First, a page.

Chord Progressions for Changing Key

Written by Gary Ewer, from the “The Essential Secrets of Songwriting” website:

 

The word “modulation” is a music theorists’ term that means“to change key.” Changing key in the middle of a song is a great way to add interest and prolong a song. Done correctly, it can generate excitement and make a good song even better. Done poorly will sound forced and amateurish, so it’s important to think about why you’re wanting to change key, and then consider the best way to do it.

There are several reasons one might choose to change key:

  1. To intensify the energy-level of a song;
  2. Especially in duets, to put the song in an appropriate key for the singer;
  3. To create interest, especially in songs that feature a constantly recurring melody, such as in “AAA..” type songs


In other words, it’s important to remember that modulating should not be done haphazardly. There should be a reason for changing key. There are several ways to change key, and they all require you to think carefully about the chords you choose. Take a look at the following two examples, and you’ll probably find a method that will suit your situation:

1) The Half-Step Upward Method: This is likely one of the more common ways to modulate, and it’s the one whose prime reason is to increase energy. To put it simply, your basic chord progression ends, you then play a chord that is the dominant chord of the key you’re about to go to, then you repeat the progression a half-step higher.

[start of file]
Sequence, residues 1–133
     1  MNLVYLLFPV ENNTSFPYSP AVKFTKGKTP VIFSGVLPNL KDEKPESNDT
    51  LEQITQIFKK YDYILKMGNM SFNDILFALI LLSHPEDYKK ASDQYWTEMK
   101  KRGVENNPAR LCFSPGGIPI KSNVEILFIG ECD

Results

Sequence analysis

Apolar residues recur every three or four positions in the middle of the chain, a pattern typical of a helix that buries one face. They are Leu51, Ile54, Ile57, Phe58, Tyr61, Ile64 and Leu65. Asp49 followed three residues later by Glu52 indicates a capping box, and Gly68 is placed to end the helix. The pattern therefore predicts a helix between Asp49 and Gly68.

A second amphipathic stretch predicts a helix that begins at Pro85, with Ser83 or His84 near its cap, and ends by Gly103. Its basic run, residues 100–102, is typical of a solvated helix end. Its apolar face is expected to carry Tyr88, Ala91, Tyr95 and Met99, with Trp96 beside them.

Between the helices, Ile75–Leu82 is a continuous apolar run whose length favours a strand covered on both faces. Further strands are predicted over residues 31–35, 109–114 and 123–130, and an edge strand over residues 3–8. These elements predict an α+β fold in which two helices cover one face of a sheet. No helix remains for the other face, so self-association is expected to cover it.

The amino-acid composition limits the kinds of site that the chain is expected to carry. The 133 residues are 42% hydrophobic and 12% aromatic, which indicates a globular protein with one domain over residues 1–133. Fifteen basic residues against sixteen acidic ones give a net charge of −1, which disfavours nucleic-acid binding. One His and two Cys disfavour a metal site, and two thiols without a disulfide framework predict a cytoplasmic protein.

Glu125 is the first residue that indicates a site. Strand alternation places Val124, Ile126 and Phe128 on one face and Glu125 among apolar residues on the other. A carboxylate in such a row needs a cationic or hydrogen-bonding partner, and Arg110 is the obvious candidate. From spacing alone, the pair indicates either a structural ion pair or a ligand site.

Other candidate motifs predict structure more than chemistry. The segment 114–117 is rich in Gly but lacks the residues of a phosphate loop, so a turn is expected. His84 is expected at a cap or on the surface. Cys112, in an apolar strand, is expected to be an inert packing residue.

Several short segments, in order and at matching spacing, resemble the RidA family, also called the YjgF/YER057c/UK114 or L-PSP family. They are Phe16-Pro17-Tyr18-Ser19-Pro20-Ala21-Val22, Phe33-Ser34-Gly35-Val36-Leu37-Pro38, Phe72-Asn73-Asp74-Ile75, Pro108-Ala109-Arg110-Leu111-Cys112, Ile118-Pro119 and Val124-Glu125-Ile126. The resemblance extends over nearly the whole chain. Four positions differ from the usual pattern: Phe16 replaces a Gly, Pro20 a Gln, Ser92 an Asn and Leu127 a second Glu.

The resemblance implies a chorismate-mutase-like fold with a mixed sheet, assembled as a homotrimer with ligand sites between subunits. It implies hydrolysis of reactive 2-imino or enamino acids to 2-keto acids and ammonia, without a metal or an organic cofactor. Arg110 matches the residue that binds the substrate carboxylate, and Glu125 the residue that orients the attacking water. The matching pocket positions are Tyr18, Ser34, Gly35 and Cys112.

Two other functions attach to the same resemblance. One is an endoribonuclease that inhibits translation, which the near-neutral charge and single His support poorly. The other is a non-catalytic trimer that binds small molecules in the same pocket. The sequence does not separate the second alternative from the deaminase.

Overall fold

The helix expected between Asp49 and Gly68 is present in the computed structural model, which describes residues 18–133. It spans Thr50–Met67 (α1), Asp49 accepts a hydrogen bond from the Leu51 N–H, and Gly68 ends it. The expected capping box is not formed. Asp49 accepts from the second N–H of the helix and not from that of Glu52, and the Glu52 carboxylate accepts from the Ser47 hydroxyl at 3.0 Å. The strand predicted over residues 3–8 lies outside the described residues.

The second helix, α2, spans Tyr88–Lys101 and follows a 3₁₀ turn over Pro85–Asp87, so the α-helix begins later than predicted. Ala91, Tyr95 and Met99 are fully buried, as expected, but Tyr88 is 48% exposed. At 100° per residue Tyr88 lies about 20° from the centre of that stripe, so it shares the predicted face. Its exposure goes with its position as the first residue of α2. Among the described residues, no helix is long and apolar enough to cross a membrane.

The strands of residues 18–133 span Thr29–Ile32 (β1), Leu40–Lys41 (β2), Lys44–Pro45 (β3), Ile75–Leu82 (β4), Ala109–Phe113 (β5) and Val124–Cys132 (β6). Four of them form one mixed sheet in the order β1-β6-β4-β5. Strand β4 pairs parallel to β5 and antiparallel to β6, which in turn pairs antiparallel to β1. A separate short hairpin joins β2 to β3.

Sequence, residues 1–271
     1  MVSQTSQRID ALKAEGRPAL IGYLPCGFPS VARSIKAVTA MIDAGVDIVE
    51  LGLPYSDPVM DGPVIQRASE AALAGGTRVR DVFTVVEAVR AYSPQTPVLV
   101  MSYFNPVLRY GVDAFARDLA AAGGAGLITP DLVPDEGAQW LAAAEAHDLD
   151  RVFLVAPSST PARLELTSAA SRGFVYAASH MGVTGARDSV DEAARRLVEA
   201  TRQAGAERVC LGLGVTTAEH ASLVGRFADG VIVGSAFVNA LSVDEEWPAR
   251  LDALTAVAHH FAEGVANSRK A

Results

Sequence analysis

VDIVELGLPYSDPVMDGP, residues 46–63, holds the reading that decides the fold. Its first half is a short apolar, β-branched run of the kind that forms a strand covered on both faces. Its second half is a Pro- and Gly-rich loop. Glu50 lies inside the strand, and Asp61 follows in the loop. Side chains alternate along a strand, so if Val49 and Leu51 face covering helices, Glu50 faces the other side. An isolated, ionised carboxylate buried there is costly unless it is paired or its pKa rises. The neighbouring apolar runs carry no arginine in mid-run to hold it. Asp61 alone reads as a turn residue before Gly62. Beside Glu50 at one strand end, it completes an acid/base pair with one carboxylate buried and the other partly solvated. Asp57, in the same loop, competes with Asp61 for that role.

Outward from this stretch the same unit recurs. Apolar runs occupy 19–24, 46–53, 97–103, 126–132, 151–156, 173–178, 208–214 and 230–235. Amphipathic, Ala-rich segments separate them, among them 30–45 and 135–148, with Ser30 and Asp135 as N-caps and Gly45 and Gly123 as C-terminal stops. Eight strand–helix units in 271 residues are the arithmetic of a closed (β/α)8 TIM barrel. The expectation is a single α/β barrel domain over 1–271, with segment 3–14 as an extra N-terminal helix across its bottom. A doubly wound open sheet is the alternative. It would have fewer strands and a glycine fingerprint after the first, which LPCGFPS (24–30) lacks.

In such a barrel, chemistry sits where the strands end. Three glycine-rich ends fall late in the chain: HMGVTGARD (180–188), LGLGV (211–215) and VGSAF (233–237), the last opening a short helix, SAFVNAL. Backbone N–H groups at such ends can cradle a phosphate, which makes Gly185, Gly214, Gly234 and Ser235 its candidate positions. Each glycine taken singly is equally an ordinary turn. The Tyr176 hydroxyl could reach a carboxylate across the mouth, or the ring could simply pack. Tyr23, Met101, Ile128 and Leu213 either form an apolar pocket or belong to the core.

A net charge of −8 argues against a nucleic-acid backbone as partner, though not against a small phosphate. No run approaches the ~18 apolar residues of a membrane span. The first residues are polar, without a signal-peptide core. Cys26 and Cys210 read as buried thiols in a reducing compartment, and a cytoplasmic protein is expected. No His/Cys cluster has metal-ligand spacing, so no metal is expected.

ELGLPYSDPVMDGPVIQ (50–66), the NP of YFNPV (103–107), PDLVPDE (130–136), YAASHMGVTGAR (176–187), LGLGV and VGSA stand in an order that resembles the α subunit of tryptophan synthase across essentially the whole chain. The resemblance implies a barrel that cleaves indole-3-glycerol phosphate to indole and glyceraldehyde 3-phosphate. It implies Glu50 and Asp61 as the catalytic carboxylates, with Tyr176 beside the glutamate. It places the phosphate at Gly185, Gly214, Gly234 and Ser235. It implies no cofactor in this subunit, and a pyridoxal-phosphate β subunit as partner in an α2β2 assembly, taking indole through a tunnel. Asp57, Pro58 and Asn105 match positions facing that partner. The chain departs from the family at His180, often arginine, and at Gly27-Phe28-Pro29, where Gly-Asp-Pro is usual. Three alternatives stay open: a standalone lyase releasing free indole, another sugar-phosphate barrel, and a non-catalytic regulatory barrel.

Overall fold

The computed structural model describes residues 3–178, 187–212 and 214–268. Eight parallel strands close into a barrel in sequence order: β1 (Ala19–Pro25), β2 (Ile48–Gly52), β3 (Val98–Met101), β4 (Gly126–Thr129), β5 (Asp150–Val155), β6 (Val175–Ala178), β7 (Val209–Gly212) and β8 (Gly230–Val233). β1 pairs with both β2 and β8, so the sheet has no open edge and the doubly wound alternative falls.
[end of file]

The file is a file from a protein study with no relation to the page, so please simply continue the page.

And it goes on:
Example:  C  F  G  C  //Ab//  Db  Gb  Ab  Db 

The Ab in the middle is the so-called “dominant chord” that sets your progression up for the new key.

2) The Miscellaneous Modulation (more than a half-step): This kind of progression can be somewhat unpredictable, so you really need to use your ears and decide if you like what you’re hearing. This is the one that you might choose for duets, to put the music in the right key for each singer. Consider that the dominant chord of the new key is going to be a safe way to change key no matter what key you’re going to.

In addition to using the new key’s dominant chord, you might also consider what is called “pivot chords.” These are chords that can exist in the old key as well as the key you’re going to. Here’s an example:

C  Dm  G  Am  Dm  Gm7  C11  F